The 4 C’s of Culture
A mnemonic for health care professionals developed by Stuart Slavin, MD, Geri-Ann Galanti, PhD, and Alice Kup, MD
1. What do you call your problem?
Get the patient’s perception of the problem. Remember to ask, “What do you think is wrong?” Do not literally ask, “What do you call your problem?” The same symptoms may have very different meanings in different cultures and may result in barriers to adherence. For example, among the Hmong, epilepsy is referred to as “the spirit catches you, and you fall down.” Seeing epilepsy as spirit possession (which has some positive connotations for the possessed) is very different from seeing it as a disruption of the electrical signals in the brain. This should lead to a very different doctor-patient conversation and might help explain why such a patient may be less anxious than the physician to stop the seizures. For an excellent example of what can happen when caring, competent physicians do not understand the patient’s perspective, see Anne Fadiman’s 1997 book, The Spirit Catches You and You Fall Down. Understanding the patient’s point of view can help the health care provider deal with potential barriers to adherence.
2. What do you think caused your problem?
Get to the patient’s beliefs regarding the source of the problem. Not everyone believes that disease is caused by germs. In some cultures, it is thought to be caused by upset in body balance, breach of taboo (similar to what is seen in the U.S. as diseases due to “sin” and punished by God), or spirit possession. Treatment must be appropriate to the cause, or people will not perceive themselves as cured. Doctors this need to find out what the patient believes caused the problem, and treat that as well. For example, it may sometimes be appropriate to bring in clergy to pray with them if they believe God is punishing them for some transgression.
3. How do you cope with your condition?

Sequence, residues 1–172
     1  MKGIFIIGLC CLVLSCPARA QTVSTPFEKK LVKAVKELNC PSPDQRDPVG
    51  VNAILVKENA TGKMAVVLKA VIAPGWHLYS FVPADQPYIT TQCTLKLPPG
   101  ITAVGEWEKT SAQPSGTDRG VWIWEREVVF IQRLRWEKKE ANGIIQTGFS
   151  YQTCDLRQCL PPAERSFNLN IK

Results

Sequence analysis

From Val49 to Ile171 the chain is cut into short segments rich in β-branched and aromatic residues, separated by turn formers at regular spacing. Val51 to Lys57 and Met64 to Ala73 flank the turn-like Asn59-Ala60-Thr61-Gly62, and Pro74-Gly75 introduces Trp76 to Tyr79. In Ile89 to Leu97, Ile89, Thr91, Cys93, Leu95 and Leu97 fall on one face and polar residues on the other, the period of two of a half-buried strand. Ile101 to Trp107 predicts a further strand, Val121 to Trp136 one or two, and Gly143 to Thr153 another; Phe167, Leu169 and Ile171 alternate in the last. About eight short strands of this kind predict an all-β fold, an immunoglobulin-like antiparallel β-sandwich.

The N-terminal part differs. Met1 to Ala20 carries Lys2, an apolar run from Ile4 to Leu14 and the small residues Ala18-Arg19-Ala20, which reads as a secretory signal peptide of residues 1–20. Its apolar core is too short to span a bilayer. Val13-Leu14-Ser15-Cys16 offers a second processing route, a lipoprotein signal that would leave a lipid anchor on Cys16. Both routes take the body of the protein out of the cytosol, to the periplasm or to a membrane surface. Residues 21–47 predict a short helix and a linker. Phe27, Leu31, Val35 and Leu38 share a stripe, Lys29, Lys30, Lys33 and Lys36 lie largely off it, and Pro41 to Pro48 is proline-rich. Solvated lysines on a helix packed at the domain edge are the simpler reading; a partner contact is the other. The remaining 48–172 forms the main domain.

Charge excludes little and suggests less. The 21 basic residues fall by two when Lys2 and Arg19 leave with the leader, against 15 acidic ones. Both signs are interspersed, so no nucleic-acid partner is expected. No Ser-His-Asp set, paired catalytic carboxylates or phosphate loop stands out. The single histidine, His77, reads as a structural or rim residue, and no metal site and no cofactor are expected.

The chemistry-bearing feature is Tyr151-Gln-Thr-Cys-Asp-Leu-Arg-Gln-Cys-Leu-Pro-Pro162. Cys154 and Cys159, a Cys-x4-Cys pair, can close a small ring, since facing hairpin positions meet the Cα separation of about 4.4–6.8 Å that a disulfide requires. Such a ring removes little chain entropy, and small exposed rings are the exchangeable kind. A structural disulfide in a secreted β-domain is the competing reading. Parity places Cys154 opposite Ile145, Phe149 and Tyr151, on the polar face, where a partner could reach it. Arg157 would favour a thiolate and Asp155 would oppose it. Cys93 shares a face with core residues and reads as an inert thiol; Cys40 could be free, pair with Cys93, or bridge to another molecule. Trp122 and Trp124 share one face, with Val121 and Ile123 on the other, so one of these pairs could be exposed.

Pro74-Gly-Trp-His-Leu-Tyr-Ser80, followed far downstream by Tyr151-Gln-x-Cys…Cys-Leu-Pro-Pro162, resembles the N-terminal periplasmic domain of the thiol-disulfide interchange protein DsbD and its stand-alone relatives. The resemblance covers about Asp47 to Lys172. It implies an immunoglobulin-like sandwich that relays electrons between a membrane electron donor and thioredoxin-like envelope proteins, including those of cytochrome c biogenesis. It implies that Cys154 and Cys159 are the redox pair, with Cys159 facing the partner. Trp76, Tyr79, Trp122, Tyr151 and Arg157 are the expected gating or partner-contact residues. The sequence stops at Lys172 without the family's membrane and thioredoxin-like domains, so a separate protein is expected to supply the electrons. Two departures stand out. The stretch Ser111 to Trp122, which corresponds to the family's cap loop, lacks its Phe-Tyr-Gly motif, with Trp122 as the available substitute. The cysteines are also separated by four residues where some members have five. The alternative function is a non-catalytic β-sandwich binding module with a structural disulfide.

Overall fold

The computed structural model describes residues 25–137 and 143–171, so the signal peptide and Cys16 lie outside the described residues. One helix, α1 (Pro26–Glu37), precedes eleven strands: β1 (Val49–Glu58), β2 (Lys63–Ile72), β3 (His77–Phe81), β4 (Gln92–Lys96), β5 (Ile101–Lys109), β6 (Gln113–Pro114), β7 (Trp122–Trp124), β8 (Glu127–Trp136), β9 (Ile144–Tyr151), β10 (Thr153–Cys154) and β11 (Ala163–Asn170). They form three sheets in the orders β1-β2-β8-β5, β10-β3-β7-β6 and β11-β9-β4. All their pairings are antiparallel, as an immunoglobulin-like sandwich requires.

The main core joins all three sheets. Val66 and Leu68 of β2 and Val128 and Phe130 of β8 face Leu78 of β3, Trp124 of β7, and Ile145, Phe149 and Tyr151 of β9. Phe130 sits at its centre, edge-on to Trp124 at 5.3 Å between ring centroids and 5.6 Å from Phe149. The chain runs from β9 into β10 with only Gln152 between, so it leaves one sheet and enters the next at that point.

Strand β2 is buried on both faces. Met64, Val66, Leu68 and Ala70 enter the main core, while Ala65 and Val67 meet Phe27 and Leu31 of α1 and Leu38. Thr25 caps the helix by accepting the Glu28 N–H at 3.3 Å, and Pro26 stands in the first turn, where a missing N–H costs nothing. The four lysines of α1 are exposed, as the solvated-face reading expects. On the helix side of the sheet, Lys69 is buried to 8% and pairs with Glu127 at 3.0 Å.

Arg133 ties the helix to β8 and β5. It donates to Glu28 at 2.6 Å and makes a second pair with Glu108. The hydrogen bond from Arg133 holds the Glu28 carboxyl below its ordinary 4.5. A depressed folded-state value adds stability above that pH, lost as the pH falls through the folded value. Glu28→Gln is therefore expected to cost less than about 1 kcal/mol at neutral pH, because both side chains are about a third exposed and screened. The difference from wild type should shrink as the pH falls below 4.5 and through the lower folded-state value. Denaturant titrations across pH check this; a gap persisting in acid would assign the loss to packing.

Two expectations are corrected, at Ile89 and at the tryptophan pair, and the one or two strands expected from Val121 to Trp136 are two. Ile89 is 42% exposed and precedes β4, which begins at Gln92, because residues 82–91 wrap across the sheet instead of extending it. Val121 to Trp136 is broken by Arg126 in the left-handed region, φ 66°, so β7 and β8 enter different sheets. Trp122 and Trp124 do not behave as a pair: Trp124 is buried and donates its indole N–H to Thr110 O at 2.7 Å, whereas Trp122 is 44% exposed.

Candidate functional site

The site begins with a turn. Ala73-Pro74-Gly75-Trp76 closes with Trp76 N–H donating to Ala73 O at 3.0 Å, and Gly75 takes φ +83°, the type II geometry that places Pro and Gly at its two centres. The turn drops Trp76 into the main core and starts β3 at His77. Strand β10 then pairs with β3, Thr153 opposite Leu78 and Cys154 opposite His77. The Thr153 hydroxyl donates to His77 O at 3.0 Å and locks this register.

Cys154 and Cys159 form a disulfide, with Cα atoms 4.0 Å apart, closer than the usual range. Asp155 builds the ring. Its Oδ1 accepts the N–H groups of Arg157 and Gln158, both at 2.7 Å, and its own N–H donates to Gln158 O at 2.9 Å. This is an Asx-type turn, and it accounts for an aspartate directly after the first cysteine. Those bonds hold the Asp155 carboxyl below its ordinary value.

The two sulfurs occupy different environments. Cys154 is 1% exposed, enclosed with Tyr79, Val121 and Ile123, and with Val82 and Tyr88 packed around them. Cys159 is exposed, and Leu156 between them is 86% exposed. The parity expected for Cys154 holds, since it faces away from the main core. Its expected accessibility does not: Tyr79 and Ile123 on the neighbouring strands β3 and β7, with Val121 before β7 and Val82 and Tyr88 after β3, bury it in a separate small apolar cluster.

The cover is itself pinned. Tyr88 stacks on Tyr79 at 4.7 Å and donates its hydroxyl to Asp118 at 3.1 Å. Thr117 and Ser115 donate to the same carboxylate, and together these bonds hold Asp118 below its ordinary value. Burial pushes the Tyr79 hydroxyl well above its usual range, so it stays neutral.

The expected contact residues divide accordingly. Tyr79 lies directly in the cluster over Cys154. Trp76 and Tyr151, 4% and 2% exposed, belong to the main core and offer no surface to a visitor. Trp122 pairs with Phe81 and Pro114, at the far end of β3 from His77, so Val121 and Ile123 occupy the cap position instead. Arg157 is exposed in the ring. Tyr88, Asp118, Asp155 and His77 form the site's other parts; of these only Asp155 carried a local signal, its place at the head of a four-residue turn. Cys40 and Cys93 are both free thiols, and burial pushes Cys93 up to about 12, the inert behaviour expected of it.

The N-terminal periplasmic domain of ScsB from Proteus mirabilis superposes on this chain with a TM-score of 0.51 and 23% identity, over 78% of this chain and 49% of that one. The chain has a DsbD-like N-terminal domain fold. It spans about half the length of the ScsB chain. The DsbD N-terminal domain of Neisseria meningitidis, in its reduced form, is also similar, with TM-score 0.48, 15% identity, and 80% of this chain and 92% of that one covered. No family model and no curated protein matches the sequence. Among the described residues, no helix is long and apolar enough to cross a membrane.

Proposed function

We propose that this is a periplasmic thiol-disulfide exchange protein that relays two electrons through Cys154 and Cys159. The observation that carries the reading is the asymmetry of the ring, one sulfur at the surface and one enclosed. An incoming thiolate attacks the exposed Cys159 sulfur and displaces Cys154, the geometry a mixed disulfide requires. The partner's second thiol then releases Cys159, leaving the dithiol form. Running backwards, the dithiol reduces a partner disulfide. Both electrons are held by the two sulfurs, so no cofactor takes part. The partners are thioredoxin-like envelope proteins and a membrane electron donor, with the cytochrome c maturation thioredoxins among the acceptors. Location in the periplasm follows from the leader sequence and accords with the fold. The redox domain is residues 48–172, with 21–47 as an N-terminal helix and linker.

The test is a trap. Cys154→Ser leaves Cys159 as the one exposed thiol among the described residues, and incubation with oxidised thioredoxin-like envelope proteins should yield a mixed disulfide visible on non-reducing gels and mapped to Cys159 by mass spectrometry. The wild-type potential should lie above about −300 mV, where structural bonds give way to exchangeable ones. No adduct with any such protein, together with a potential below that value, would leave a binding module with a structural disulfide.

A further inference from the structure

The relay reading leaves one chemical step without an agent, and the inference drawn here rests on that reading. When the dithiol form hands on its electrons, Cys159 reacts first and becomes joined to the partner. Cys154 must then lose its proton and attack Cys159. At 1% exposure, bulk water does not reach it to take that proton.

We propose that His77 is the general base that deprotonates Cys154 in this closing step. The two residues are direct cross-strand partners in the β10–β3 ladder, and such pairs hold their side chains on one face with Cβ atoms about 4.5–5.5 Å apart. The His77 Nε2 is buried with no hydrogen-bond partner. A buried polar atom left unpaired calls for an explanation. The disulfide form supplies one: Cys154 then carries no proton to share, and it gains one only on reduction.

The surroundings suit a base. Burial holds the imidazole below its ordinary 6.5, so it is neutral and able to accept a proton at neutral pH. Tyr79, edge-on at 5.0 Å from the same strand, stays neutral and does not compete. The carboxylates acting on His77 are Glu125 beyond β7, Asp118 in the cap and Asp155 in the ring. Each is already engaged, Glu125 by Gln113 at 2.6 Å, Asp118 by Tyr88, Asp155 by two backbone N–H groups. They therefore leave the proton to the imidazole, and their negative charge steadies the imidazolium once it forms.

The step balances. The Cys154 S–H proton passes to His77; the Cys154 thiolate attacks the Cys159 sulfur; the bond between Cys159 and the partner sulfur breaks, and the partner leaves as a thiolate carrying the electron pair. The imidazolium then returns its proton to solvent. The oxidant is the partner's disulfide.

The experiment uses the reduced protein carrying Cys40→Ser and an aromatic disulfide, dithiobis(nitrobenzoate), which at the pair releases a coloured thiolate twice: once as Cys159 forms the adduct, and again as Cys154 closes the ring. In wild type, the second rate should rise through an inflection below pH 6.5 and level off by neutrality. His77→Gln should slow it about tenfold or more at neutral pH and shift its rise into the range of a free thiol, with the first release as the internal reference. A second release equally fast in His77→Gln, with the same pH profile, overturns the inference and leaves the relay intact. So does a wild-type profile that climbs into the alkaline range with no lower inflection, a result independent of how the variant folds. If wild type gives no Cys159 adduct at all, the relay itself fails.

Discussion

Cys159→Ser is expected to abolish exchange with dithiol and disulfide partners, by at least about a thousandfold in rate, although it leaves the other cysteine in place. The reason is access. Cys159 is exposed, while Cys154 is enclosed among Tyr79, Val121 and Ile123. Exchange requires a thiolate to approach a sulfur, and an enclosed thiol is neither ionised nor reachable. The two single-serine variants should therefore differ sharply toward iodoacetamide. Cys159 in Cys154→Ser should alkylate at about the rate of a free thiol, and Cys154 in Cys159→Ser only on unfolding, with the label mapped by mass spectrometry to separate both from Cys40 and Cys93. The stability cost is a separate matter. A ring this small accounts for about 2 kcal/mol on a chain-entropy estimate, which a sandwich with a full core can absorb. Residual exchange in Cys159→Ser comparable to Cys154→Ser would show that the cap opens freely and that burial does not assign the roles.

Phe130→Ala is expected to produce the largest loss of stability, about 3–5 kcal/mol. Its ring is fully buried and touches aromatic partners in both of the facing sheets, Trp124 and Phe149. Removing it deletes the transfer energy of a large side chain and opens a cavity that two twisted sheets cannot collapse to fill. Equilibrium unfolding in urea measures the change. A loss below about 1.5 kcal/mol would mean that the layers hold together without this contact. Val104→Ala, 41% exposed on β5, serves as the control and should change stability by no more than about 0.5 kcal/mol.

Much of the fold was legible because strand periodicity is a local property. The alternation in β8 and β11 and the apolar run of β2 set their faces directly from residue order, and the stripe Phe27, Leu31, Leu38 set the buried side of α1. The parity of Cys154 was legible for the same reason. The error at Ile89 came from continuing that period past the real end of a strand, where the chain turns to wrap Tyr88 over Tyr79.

Find out what the patient has done to improve his condition. Remember to ask, “What have you done to try to make it better? Who else have you been to for treatment?” Ask, “How have you been coping?” “What effect gas it had on your life/daily routine?” This will provide the health care provider with important information on the use of alternative healers and treatments. Most people will try home remedies before coming in to the physician; however, few will share such information due to fear of ridicule or chastisement. It’s important that health care providers learn to ask – in a non-judgmental way, since the occasional traditional remedy may be dangerous, or could lead to a drug interaction with prescribed medications. This question can also help you discover if they’ve been unable to cope with whatever it is that’s going on.
4. What are your concerns about the condition/treatment?
Find out the main concerns regarding their condition and treatment. Address questions such as, “How serious do you think this is?” “What potential complications do you fear?” “How does it interfere with your life, or your ability to function?” “Do you know anyone else who has tried the treatment I’ve recommended? What was their experience with it?” You want to understand their perception of the course of the illness and the fears they may have about it so you can address their concerns and correct any misconceptions. You also want to know what aspects of the condition pose a problem for the patient; this may help you uncover something very different from what you might have expected. It is also important to know their concerns about any treatment you may prescribe. This can help avoid problems of non-adherence, since some patients may have misplaced concerns based upon past experience. For example, some patients may not be taking insulin because they believe insulin causes blindness. They’ve seen friends and family members go blind after going on insulin, and they incorrectly perceive that as the cause; it’s a logical assumption based on observed cause and effect. Unless a health care provider acts, however, s/he may not elicit such beliefs from the patient, who will simply not take their insulin. By asking, the health care provider can correct any misconceptions that can interfere with treatment.